Throwback Thursday – 16 Days Until Halloween

When I was a teenager, my family lived in a farmhouse built before the Civil War.  Rooms had been added on as the family grew and the kitchen was moved inside.  It was a large and simple – the opposite of an antebellum manse – with a few oddly offset rooms.    It was a perfect house to host Halloween sleepovers.

The evenings started with a formal dinner downstairs.  Then the girls and I headed upstairs, where my parents had helped me dye the bedding gray and make cardboard tombstones to put at the head of each of their mattresses.  We watched horror movies on VHS tapes and scared each other.  Sometimes there were other things hidden around upstairs to startle if they left the room.

1984 Halloween 1These photos are from 1984, when the theme was “eyeballs.”  My parents bought balls of all different sizes and we painted them for weeks.  Cecilia, a papier mache corpse from the year before, came back as a witch for this party.  She had started as “Cecil the Severed Leg,” but it just wasn’t enough.

The house is gone now.  It burned down several years after my family moved away.  It’s too bad to think I can’t go back to visit it.  There were people that swore there were “haints” in that house, but they differed on whether they felt benevolent ghosts or darker entities.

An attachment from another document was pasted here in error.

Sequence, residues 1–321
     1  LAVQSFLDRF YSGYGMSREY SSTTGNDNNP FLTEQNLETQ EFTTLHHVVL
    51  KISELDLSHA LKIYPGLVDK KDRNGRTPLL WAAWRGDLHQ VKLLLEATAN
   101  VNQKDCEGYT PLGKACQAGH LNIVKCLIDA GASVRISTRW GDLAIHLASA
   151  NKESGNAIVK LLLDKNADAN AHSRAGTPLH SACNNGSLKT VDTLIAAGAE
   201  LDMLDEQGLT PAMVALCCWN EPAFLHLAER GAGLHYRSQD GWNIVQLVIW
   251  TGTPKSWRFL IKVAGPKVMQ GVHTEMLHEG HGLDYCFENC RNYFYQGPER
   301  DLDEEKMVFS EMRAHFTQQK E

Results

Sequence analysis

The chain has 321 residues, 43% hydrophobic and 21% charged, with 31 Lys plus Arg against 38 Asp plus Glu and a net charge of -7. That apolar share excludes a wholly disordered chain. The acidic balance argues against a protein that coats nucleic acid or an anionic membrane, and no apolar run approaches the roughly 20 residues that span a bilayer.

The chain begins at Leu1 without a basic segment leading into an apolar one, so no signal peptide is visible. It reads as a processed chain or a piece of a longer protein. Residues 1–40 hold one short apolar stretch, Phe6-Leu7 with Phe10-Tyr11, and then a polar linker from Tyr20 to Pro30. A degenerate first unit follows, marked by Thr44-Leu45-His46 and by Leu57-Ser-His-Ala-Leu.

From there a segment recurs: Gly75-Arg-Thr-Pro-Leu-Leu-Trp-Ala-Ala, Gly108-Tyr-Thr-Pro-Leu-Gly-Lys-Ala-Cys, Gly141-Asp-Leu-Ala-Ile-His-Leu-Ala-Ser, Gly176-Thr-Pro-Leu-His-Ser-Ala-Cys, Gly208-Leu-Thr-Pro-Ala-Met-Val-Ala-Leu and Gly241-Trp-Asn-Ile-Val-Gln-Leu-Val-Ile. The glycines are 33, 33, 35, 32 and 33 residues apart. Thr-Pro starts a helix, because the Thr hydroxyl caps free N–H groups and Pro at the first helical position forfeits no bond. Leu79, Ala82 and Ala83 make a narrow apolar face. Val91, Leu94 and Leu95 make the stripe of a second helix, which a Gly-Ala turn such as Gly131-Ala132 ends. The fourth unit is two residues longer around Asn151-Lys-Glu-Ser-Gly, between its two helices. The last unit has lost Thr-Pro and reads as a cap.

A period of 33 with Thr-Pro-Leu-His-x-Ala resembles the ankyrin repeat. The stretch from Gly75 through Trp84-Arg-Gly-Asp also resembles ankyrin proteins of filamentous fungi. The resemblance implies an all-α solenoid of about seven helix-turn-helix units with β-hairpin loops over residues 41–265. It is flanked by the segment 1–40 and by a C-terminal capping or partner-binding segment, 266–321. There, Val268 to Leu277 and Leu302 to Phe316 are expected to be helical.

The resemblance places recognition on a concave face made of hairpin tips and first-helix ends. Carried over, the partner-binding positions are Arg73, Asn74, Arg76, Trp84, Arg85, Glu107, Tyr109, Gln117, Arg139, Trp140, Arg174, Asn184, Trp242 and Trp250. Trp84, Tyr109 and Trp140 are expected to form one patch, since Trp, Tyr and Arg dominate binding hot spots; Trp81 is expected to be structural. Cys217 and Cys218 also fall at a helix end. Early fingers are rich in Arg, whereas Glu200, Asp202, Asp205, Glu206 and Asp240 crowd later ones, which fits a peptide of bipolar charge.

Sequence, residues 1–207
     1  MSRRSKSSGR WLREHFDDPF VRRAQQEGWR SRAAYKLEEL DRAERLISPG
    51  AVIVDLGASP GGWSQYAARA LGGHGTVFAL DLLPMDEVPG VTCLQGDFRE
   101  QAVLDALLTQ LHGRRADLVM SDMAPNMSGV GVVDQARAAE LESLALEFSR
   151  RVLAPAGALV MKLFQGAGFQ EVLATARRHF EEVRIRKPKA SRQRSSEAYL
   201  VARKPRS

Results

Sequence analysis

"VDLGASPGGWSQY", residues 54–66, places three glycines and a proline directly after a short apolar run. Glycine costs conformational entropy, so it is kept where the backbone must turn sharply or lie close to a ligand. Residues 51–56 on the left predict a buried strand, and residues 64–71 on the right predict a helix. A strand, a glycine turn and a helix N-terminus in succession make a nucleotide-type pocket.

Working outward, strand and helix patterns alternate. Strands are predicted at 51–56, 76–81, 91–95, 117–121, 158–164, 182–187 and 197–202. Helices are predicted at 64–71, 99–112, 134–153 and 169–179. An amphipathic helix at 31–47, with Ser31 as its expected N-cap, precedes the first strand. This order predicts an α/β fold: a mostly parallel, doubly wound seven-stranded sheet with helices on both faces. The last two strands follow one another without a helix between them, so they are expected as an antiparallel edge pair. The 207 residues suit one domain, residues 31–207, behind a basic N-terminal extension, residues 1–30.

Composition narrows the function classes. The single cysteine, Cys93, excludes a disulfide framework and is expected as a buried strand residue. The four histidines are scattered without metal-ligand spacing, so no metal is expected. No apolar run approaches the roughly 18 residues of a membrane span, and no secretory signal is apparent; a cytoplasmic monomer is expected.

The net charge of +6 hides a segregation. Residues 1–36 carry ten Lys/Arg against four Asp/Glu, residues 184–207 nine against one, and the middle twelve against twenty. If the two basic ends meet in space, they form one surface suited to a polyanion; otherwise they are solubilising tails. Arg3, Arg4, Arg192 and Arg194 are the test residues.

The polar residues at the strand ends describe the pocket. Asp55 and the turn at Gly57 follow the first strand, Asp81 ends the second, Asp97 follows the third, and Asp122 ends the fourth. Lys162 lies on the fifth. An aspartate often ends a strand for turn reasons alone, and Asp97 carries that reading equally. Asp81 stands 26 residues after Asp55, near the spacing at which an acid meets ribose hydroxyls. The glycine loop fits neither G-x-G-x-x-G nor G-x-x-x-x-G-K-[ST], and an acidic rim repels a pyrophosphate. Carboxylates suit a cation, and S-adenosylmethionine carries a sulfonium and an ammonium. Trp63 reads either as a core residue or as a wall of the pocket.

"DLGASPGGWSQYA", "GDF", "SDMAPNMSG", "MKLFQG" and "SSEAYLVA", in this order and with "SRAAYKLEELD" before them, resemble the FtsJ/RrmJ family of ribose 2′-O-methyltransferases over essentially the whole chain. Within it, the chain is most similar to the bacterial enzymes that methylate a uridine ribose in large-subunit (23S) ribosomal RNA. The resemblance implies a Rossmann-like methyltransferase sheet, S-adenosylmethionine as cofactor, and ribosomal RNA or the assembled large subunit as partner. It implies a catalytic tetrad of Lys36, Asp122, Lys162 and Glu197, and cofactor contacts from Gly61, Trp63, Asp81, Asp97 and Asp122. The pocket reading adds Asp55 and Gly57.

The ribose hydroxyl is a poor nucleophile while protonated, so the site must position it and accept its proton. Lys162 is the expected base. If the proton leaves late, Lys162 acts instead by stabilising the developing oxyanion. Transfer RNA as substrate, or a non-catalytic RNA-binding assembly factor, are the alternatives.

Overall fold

Halloween In Florida – 29 Days Until Halloween

I saw a surf shop mannequin in a wet suit and witch hat this weekend.  Someone had drawn eyes on paper and taped them in place.  They weren’t particularly witchy eyes, but they transformed her blank visage to a face.  She was a winsome, sporty witch.

It was a short-sleeved, short-legged wetsuit.  Because it’s still bathing suit weather here.  That’s Halloween time in Florida.

I’m a native Floridian, and I’ve missed the heavy, humid summers when I’ve lived other places.  I get antsy this time of year, though.  Sometime in October, we’ll get nights in the 60’s F, and then nights in the 50’s F.  The air will start to dry out, and the sky will become blue again.

My backyard jungle is growing so fast that vines are crawling across the yard and porch.  It feels like you can see them grow as you watch them.  Then, it feels like they may wrap around your ankles if you stop watching them.

IMG_9515We’ll be hanging Halloween decorations from green-leafed trees.  If you go into the woods, though, you’ll see the subtle signs of fall.  The red and yellow leaves look especially bright against the black forest floor.

Captain G – A Love Poem For May 20

by Victoria Nations